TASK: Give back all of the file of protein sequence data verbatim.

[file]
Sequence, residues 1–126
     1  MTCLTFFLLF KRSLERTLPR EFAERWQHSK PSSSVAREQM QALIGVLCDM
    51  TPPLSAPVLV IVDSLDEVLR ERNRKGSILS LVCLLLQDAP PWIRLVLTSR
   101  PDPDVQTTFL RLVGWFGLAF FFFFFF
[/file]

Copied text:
Sequence, residues 1–126
     1  MTCLTFFLLF KRSLERTLPR EFAERWQHSK PSSSVAREQM QALIGVLCDM
    51  TPPLSAPVLV IVDSLDEVLR ERNRKGSILS LVCLLLQDAP PWIRLVLTSR
   101  PDPDVQTTFL RLVGWFGLAF FFFFFF